Days are growing longer, and spring is fast approaching. But for us mountain dwellers, winter isn't going anywhere anytime soon. While temperatures rise around the country, and plants and animals awaken from their slumbers, up here in the high country, there is still potential for a significant spring storm.
During March, temperatures in the southwestern U.S. increase, and this helps feed in moisture from the Gulf of Mexico and Pacific, bringing plentiful storm energy to Colorado. Warmer air can hold more moisture, and when it arrives, it is met with higher latitude and altitude, thus colder temperatures. This warm, moist air in the atmosphere colliding with cold air masses over the state has the potential to drop some serious snow.
While most storms throughout winter follow a west-east direction across the state, in the spring, we often see storms develop over southeast Colorado, bringing more snow to areas east and along the Continental Divide. In what's called an easterly upslope, moisture is pushed up against the eastern side of the Continental Divide. As that moisture builds up and is lifted over the foothills, it cools and condenses rapidly. The atmosphere can no longer hold that moisture, and it falls to the ground in the form of snow, as long as temperatures are cold enough.
For this reason, March is Denver's snowiest month. In fact, in 2003, on the first day of spring, the city woke up to 32 inches of snow, with up to seven feet in the foothills! A low pressure system in southeast Colorado was fed by moisture and warm air from the Gulf of Mexico and the Pacific, creating the ingredients for a perfect storm. The state's record for 24-hour snowfall occurred in April 1914, when 76 inches fell at Silver Lake, in Boulder County.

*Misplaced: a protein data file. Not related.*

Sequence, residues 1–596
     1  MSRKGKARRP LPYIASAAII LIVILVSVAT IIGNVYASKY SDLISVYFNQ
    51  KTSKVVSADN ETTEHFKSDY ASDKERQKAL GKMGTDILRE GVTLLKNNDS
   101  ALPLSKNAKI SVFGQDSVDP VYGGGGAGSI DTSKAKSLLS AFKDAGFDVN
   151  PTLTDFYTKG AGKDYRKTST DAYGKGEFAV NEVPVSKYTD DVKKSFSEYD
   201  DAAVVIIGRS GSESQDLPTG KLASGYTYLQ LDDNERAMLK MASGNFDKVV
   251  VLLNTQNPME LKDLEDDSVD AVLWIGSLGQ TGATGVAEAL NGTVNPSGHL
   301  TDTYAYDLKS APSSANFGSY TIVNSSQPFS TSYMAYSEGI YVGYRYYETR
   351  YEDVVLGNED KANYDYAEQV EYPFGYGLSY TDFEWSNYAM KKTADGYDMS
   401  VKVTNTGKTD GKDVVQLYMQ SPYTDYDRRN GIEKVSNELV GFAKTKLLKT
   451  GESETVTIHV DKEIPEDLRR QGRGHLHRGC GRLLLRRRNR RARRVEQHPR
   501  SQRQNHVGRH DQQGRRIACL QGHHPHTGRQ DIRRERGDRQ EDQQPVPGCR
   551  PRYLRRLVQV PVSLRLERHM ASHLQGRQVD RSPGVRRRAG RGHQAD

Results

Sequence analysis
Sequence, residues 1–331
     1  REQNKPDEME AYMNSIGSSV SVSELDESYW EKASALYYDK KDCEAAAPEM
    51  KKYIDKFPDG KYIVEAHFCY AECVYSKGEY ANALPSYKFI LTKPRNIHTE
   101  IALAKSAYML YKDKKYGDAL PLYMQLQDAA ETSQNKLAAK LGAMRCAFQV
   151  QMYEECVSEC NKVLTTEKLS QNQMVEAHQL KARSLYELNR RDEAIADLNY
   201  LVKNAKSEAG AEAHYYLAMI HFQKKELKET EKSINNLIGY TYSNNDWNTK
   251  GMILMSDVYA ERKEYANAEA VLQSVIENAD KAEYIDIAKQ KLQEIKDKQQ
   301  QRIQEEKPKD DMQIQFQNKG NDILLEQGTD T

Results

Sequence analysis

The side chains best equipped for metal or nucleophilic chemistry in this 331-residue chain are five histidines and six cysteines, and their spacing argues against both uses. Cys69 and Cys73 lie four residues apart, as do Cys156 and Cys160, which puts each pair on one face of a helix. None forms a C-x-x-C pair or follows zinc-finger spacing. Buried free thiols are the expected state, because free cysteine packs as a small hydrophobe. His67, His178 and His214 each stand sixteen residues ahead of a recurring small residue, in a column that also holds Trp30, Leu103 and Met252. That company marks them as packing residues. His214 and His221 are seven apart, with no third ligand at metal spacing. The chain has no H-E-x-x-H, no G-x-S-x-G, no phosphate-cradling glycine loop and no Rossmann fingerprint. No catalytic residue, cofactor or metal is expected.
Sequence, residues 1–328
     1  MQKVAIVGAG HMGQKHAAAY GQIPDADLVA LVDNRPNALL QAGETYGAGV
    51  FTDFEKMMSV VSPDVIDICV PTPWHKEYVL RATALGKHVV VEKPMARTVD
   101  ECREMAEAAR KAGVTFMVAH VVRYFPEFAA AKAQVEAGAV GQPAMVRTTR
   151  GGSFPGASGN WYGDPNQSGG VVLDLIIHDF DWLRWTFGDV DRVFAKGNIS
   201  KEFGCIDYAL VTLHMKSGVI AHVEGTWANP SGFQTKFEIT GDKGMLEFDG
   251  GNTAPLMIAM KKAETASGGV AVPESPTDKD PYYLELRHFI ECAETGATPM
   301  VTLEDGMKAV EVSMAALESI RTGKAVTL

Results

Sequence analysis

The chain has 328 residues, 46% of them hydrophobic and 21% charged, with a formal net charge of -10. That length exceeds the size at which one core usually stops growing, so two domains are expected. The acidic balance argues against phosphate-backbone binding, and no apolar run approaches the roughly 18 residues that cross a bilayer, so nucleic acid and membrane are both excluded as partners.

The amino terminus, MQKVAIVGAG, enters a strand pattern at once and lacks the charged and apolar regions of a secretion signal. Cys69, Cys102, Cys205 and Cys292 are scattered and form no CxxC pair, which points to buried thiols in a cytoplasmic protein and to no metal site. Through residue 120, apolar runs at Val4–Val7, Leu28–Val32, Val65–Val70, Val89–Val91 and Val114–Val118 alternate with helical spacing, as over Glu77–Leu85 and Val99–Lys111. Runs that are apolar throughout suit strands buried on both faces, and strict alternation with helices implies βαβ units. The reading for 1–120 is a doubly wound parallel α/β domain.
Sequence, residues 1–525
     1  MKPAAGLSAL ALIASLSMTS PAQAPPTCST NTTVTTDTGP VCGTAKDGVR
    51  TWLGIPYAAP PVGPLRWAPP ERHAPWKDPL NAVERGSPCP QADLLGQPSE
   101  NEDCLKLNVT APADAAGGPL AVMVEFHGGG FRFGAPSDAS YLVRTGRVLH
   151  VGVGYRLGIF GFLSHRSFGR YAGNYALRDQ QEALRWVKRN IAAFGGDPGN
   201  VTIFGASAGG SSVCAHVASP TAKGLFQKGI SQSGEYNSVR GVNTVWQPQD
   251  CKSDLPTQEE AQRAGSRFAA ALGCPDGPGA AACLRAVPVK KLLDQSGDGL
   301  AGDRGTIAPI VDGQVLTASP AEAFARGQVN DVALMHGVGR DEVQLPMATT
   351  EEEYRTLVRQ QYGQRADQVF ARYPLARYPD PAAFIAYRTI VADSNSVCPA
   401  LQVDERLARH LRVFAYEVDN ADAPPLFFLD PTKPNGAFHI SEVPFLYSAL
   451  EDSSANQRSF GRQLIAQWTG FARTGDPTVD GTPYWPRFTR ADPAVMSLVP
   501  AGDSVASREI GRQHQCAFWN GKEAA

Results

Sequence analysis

While these storms brought significant snow to areas east of the Continental Divide, areas to the west saw little accumulation. The divide acts as a wall, so depending on where a storm hits, one side of the divide could see a huge snowstorm, while the other could be warm and sunny.
So what does this mean for us powder hounds west of the divide? We must keep our fingers crossed that the storm tracks stay in a west-east direction, building up moisture and upslope west of the divide. While Denver may be enjoying a 60-degree and sunny day, we might be making soft turns in fresh powder.
When we do get spring dumps, you'll need to get after it early. That fluffy powder by morning could turn into a thigh burning butter by afternoon, and a knee shattering layer of crust by the next morning. Unlike during our winter months, in March and April, days are longer, and the angle of the sun increases radiation at the ground. Temperatures can increase more rapidly, making the snow soggy with moisture as it melts, only to freeze overnight.
So get out there early and often, enjoy these longer days, and do whatever snow dance you do to make for a powdery end to the season!
Rob Cooper is a naturalist at Walking Mountains Science Center in Avon.